Project Management Professional (PMP)® Student Profiles:

Student Profile: Prasenjit Shome, PMP

Prasenjit Shome PMPI am an IT professional and work for Cognizant Technologies and am designated as Manager-Projects. I am currently engaged in Banking and Financial sector for more than 10 years. I have completed multiple project deliveries while in India and now in the USA and have led team sizes up to 20 people and have been instrumental in handling multi-location project set-up and bring them to BAU modes with my primary role as technology project manager and lead.

I passed the exam on Nov 9,2015. I had used the prepcast and listened to it whenever I got time - while driving home from work, waiting for my sons various classes and virtually whenever I got a chance. This made me familiar with the material. Then I completed reading Rita Mulcahy twice and still I was not really feeling confident about the exam.

Then I took my wife's (who has always been better at preparing for exams and academics than me - admitting it here) - I started taking the questions - answer approach. I started mixing up the topics and stated giving myself mock tests that made me realize the concepts which I was getting mixed up with and then listed down my gaps in knowledge.

I used the prep-cast exam questions and Rita's questions to build my mock tests. They were very helpful. I also used some others from the internet but they were not as close to the actual exam questions.

I again read Mulcahy to cover my gaps and then started to time my tests since I came to know this is also going to be a pressure test as well. whenever I was on the move I used to listen parts of the Prepcast again. I realized I was getting overwhelmed with the 4hr and 200 questions concept - so I fooled myself and broke the test in 50 questions with 1 hour slots which I tried to complete as quickly as possible and recorded how much time I was able to save from that one hour slot. I planned to use this saved time for revisiting time consuming questions and questions which required diagrams like the critical path problems.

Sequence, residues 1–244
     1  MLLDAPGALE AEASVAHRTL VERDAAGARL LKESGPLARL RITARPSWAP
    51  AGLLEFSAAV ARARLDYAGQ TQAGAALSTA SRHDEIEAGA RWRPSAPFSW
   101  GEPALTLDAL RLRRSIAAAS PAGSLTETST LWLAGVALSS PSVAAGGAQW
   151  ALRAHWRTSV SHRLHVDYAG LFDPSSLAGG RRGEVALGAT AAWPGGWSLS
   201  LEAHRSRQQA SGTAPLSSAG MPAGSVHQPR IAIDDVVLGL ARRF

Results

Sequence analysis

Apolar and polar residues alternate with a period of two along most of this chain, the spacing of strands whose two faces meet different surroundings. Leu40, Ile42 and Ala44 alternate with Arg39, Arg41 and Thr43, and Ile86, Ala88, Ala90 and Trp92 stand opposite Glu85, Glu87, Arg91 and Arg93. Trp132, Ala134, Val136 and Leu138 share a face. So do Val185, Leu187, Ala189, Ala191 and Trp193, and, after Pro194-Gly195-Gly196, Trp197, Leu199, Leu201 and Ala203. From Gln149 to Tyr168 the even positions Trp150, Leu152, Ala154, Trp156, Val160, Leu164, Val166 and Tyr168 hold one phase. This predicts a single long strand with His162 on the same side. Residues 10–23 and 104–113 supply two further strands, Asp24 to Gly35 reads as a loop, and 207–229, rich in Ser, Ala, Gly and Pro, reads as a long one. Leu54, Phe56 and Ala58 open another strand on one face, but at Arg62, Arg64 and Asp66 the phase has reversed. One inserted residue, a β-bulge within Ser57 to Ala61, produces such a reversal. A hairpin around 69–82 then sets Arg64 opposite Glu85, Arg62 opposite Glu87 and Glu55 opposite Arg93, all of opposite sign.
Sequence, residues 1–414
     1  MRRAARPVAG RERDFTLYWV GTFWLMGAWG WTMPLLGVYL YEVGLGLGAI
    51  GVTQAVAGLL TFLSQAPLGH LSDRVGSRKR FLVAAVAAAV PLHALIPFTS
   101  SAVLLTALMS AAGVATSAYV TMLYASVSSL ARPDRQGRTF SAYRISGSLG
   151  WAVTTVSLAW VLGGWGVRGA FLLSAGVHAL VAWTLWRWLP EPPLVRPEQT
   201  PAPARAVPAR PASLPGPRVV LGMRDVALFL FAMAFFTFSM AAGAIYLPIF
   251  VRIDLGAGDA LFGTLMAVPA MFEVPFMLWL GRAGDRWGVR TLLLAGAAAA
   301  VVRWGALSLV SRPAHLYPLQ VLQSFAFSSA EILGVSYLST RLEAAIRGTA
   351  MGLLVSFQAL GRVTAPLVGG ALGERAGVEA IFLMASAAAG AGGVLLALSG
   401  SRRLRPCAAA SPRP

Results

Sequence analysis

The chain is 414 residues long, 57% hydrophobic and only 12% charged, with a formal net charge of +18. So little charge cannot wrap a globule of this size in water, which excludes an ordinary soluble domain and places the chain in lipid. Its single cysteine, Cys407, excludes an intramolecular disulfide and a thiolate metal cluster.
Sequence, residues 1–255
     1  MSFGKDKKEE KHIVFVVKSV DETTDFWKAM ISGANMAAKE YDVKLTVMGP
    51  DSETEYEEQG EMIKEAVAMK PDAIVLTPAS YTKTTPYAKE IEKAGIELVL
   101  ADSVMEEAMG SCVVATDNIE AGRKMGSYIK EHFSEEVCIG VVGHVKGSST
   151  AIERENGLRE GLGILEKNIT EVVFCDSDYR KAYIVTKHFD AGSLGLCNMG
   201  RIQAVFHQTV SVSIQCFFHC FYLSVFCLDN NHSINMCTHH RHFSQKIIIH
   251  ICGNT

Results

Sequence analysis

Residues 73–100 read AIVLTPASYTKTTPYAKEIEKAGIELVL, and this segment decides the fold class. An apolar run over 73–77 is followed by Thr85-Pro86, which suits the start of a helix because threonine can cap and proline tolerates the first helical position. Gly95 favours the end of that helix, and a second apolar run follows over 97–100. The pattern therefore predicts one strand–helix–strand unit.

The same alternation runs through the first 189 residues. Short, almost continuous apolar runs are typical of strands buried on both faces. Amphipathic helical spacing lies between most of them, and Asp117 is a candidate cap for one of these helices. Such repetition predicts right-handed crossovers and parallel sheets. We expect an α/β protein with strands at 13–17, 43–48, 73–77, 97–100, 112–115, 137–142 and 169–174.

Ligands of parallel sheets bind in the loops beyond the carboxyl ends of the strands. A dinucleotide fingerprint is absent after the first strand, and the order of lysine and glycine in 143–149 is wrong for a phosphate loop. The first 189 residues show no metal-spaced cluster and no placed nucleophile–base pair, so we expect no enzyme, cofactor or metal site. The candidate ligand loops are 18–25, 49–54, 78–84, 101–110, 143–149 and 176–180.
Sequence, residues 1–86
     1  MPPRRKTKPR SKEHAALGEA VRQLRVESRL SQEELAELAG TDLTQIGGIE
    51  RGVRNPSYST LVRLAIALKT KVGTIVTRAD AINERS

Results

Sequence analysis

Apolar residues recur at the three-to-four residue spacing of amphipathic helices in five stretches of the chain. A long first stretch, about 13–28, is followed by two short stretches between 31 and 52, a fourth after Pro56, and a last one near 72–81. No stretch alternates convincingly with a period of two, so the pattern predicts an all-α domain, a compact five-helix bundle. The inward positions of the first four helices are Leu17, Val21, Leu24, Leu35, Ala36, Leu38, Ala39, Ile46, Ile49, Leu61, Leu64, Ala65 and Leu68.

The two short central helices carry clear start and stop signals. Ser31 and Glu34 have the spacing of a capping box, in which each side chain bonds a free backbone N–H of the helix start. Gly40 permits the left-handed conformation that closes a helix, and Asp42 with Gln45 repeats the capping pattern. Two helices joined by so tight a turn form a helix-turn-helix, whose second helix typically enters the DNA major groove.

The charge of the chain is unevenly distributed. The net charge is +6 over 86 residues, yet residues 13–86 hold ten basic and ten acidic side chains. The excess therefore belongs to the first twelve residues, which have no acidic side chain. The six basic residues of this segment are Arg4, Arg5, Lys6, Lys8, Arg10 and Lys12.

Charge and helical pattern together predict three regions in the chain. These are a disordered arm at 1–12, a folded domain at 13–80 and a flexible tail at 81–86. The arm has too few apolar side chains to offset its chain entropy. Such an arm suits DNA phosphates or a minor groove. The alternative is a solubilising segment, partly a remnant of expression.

I realized whatever time I could save in the each 1 hour slot I could use that for the questions which I would decide to mark and come back later. I realized the crtical path questions and the ones which needed some calculations usually took more than a min to answer and hence best to mark off for attending after the first pass of all the questions.

On the exam day also I planned to use the same strategy. The exam has two buttons 'Marked questions' and 'Skipped Questions'- I needed a third "Questions to attempt after the first pass' I actually wrote down the question numbers which I surely wanted to come back to after my first pass of 200 questions. Then I went to the skipped questions and finally the marked questions. This technique helped me spend the right amount of time for the questions in really wanted to go back to and spend the saved time on.

I want to highlight this strategy more so that you can appreciate this.
A marked question is usually a question which you have answered but want to give a second look at.
A skipped question includes the ones which you have no clue about. ( and believe me you will have many)
The 'noted down' questions were the ones which I have not attempted since I knew they would take more than a minute to answer. I wanted to attack them first. Hence I built the list.

I was delighted the strategy worked and I passed.

Prasenjit Shome, PMP

Training for Project Management Professional (PMP)®, PMI Agile Certified Practitioner (PMI-ACP)®, and Certified Associate in Project Management (CAPM)®